The streaming platforms are gearing up for another attempt to win the Academy’s affections. Though a streamer has yet to win the big best picture prize, Netflix has assembled a strong slate this year, at least judging by the reception at the Telluride Film Festival.   

Saturday was the streamer’s big day, with Maggie Gyllenhaal’s directorial debut “The Lost Daughter” and Oscar-winner Jane Campion’s “The Power of the Dog” getting their North American unveilings.   

In the case of “Power,” Campion has thrown down the gauntlet and orchestrated the best film of her impressive career, even surpassing “The Piano,” for which she became the second woman to be nominated for directing. Judging by the reception, the film performed fairly well for festivalgoers and could be the ace in the hole for Netflix for awards season. If Campion is nominated for directing, she would be the first woman to return for a second nom. Kathryn Bigelow famously was snubbed for “Zero Dark Thirty” (2012) after winning for “The Hurt Locker” (2009).   

The legs for “Power” rest in the actors. Benedict Cumberbatch, who hasn’t been nominated since Morten Tyldum’s “The Imitation Game” (2014), looks to be in a good position to angle for his second nom. His dominating and terrifying Phil Burbank strikes fear into those who encounter him, and it’s one of his strongest turns. With three other films this year – “The Courier,” “The Electrical Life of Louis Wain” and “Spider-Man: No Way Home” – he’ll be splashed across the media landscape for his campaign.  

It could also present a long-overdue chance for the Academy to finally nominate the talented Kirsten Dunst. After a stunning career that began with a snub for Neil Jordan’s “Interview with the Vampire” (1994), she’s delivered great performances in films like “The Virgin Suicides,” “Melancholia” and “The Beguiled.” If she campaigned for supporting actress, voters might be ready to show appreciation and gratitude for a long and impressive career. Her co-stars Kodi Smit-McPhee and real-life partner Jesse Plemons are exquisite in their parts, and interestingly divide their time in the film accordingly, with Plemons heavier in the first half and McPhee taking charge in the latter.   

Smit-McPhee, who began his journey at Telluride in 2009 with “The Road” opposite Viggo Mortensen, is an invigorating presence in the film, emerging as a young Anthony Perkins. Plemons has the line of the movie and could help Campion compete in adapted screenplay. It’s unsure which of the two men, if either, will seduce the Academy the most.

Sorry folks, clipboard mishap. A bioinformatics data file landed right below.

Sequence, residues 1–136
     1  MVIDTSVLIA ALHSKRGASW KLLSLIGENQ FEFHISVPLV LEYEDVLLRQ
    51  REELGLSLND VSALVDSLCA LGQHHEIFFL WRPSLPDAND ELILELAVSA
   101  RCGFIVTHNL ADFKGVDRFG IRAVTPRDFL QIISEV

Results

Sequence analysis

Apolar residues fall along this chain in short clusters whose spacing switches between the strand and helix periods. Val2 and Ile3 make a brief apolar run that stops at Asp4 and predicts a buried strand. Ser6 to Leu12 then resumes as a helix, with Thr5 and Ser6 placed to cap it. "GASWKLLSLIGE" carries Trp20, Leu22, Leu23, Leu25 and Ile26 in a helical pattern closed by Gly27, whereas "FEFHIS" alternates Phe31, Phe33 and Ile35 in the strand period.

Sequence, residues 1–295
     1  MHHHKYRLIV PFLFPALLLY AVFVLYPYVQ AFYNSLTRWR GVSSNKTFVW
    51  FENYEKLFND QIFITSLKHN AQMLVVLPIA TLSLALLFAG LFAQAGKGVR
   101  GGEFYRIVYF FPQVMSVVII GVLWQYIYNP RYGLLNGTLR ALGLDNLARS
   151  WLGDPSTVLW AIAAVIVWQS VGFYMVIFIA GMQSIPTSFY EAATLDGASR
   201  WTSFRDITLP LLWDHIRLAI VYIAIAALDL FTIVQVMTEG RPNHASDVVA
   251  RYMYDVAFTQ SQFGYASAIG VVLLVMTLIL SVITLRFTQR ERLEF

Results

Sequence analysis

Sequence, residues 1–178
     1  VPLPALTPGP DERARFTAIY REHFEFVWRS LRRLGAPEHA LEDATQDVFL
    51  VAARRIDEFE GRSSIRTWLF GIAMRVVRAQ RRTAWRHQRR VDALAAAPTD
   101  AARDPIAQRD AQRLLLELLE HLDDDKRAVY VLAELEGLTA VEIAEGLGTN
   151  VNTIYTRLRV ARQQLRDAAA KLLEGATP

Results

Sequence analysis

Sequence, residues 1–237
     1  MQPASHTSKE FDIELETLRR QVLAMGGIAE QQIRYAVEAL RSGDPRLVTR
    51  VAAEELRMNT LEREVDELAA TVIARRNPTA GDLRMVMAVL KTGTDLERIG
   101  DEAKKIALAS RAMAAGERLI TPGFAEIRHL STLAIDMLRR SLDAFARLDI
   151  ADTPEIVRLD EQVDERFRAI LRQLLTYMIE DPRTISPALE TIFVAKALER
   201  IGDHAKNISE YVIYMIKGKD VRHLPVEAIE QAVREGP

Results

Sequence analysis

With one of Campion’s larger budgets, she makes every dollar count. Production design, cinematography, costumes, editing and sound are all on the table. Composer Jonny Greenwood could have himself a double mention on Oscar nominations morning since he did the music for “Spencer” with Kristen Stewart, which also played at the fest.  

“The Power of the Dog” now heads to Toronto and the New York Film Festival, where Netflix will aim to continue its momentum and solidify its status.  

In regards to Gyllenhaal’s debut feature, the dense and heavy material showcases her talents as a filmmaker and storyteller. As we continue to see many of our gifted actresses taking the helm behind the camera — such as Regina King (“One Night in Miami”) or later this year Halle Berry (“Bruised”) – it’s an exciting landscape for interesting stories to be told. “The Lost Daughter” could make inroads in adapted screenplay, with its exploration of themes surrounding motherhood and society’s expectations of a woman’s place in it.  

The cast is dynamic, with Academy Award winner Olivia Colman (“The Favourite”) leading the charge. One year after coming close to nabbing her second for “The Father,” she could be a competitive force once again. Similar to her winning turn in “The Favourite,” she’s not a clear leading candidate, especially if the plan is to campaign her co-star Jessie Buckley, who portrays the younger version of Colman’s character, in the supporting actress category.  

If people are just figuring out that Stewart has left her “Twilight” days behind her, then it’s time to move beyond the “Fifty Shades” series when discussing the magnificent Dakota Johnson. As the bombshell  Nina, she exudes confidence and vulnerability, bringing about her most demanding and electric turn yet. If Buckley is campaigned in supporting, there could be a scenario that finds both of the women nominated, which is not infrequent happening in the supporting categories. (“The Favourite” was double nominated for Emma Stone and Rachel Weisz). Netflix will need to work its campaign magic to give it a fighting chance. 

Netflix also has “The Hand of God,” the autobiographical film from Paolo Sorrentino, who directed the Italian international feature winner “The Great Beauty,” and his most recent might also remain in that category. It’s only been one year since Thomas Vinterberg cracked the directing lineup for “Another Round,” but Sorrentino’s feature is a bit too bloated and insular to appeal to the awards masses. The movie tries to navigate macho characters and behaviors, which could be hard for American viewers to digest. European audiences may gobble it up. 

Coming up later this year, Netflix still has Adam McKay’s “Don’t Look Up” and Lin-Manuel Miranda’s “tick, tick…Boom!” to potentially add to the awards season mix.